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Last updated 8/14/2018 at Noon

The life of a head football coach at a Division I college or university begins with a man walking around campus with a big target on his back.

The reason for this must be because so many folks have too much time on their hands and practice their genealogy by digging into the private lives of these football coach.

The poor coach who stole the fat kid’s lunch in the seventh grade could be charged with grand larceny 30 years later.

In a more serious vein, just in the last few days two major college head football coaches have been placed on administrative leave by their respective schools for not having eyes in the back of their head.

DJ Durkin at Maryland and Urban Meyer at Ohio State are two head coaches that currently cannot oversee the new formations and defenses that were practiced during their spring football sessions that are sanctioned by the NCAA.

During the spring drills at Maryland, Durkin’s staff was working the team out briskly in the hot sun when one of the players fell out with heat exhaustion. Less than two weeks later the 19-year-old died from the heatstroke.

Last weekend the family’s lawyer urged the University of Maryland to fire Durkin in the wake that he and his staff abused and humiliated players during Durkin’s two-year stint. He also pointed out that his staff was not prepared to deal with a heatstroke incident, according to the Associated Press.

Maryland also put two high-ranking members of the athletic training staff on administrative leave and hired Dr. Red Walters, a former college athletic trainer to head an independent investigation which should be available Sept. 15.

But most of the Maryland football players and some of the parents were in full support of Durkin and had no issues with him. They also believed the school did the right thing by putting the athletic trainers responsible for the death on administrative leave.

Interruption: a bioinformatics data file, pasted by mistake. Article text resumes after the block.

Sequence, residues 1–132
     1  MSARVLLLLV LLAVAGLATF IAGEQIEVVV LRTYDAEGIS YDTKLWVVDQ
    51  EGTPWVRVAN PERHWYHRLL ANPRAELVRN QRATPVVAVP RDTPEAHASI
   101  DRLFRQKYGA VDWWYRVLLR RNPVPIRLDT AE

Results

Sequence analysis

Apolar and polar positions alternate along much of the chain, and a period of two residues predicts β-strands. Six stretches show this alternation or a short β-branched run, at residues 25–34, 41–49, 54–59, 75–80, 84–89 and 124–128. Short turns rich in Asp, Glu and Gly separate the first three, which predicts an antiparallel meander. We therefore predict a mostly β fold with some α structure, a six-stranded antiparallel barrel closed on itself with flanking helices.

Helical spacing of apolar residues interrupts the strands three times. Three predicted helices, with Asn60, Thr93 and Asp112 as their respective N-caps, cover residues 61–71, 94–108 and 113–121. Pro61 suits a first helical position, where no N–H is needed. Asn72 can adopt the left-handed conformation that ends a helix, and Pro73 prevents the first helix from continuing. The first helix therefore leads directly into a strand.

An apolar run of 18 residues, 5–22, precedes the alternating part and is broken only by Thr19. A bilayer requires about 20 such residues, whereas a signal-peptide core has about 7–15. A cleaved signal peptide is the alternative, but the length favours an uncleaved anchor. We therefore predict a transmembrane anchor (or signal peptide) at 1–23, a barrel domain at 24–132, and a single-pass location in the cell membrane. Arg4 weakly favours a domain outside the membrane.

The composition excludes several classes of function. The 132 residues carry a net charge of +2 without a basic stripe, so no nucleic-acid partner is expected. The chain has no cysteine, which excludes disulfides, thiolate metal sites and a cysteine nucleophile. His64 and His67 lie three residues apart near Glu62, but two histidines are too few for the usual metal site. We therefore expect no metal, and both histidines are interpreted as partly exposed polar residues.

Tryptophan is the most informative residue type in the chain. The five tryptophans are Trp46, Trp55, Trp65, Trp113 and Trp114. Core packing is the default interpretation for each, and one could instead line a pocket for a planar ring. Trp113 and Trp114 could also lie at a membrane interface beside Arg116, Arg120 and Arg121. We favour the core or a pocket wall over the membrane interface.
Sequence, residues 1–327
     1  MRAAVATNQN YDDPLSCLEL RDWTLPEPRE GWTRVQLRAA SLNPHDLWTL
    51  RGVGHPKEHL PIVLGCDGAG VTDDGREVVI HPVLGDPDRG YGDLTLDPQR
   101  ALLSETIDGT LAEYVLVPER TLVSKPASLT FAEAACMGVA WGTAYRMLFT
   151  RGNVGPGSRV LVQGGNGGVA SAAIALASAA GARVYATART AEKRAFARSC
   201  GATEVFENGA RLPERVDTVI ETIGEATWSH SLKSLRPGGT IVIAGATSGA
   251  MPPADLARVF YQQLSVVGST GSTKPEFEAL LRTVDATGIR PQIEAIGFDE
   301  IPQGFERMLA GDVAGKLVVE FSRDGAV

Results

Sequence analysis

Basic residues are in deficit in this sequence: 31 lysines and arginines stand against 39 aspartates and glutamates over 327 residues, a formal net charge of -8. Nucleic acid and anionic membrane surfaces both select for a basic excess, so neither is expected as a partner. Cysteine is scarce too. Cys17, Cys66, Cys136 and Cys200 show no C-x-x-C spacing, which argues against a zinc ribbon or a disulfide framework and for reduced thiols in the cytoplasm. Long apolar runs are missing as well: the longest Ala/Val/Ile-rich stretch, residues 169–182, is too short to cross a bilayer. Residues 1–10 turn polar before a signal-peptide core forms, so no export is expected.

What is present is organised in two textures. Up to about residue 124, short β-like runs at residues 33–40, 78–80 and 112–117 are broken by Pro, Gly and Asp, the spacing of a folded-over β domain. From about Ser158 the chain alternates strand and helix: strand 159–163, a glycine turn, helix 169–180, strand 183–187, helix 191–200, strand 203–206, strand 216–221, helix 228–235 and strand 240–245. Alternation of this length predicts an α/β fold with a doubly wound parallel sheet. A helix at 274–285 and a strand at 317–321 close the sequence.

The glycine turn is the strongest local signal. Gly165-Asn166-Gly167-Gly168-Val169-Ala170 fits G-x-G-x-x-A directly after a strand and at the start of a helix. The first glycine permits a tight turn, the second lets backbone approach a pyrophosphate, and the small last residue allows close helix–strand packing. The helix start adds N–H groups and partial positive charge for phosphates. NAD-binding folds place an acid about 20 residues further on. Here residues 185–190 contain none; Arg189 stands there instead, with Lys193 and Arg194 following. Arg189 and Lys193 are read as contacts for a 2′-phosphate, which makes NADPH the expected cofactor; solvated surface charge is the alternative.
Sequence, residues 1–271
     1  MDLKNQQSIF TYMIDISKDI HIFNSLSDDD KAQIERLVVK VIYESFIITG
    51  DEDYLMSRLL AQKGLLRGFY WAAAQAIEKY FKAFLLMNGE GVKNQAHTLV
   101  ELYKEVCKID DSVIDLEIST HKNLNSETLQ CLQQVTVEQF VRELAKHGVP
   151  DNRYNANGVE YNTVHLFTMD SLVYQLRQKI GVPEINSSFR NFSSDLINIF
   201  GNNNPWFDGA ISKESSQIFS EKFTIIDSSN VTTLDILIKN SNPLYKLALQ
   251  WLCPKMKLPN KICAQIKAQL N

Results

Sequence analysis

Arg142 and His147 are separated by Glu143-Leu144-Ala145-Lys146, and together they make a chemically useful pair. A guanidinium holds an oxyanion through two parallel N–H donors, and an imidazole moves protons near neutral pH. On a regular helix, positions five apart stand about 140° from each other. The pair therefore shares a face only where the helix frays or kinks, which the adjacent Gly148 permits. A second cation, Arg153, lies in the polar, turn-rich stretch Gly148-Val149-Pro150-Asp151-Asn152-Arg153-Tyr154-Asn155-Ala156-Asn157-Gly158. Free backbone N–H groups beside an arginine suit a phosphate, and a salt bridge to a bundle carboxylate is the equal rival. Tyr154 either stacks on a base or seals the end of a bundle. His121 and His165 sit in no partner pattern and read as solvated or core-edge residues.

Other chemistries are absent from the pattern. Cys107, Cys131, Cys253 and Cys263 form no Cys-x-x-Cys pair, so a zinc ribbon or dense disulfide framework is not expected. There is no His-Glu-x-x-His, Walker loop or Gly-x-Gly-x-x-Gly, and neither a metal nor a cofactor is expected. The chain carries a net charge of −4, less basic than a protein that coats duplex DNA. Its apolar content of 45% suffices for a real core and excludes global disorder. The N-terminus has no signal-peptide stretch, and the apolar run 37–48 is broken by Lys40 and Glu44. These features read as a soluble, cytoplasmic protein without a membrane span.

Ohio state had a different reason to put Meyer on administrative leave. He allegedly was aware that assistant coach Zach Smith committed domestic abuse on his wife in 2009 when they both were at the University of Florida.

When Meyer left the Gators and took the Ohio State job, Smith came with him. In 2015 Meyer said he was unaware of a domestic abuse allegation Smith’s ex-wife levied against him.

However, late last month, an Ohio judge granted a protective order on behalf of Courtney Smith which placed the story directly into the spotlight. Meyer then fired Zach Smith.

Zach Smith has denied abusing his ex-wife but has acknowledged their relationship as “volatile” and “toxic.”

But the problem in this scenario is that Meyer pleaded ignorance three years after the Smith 2015 incident.

The LA Times compared Meyer’s denial to the Penn State incident where administrators and fellow coaches insisted they never knew about defensive coordinator Jerry Sandusky sexually abusing young boys—sometimes on school property—for more than a decade.

When a cover-up was acknowledged, the late Joe Paterno was fired as coach and his legacy tarnished badly. The school received a $60-million fine scholarship reduction and a postseason ban.

Ohio State has a reputation of getting rid of winning coaches who may have done something contrary to the school’s policy after an investigation is completed.

Ohio State’s job now, as it investigates what Meyer knew and when, is to determine if that allegation is bad enough to result in Meyer’s dismissal should it be proven true.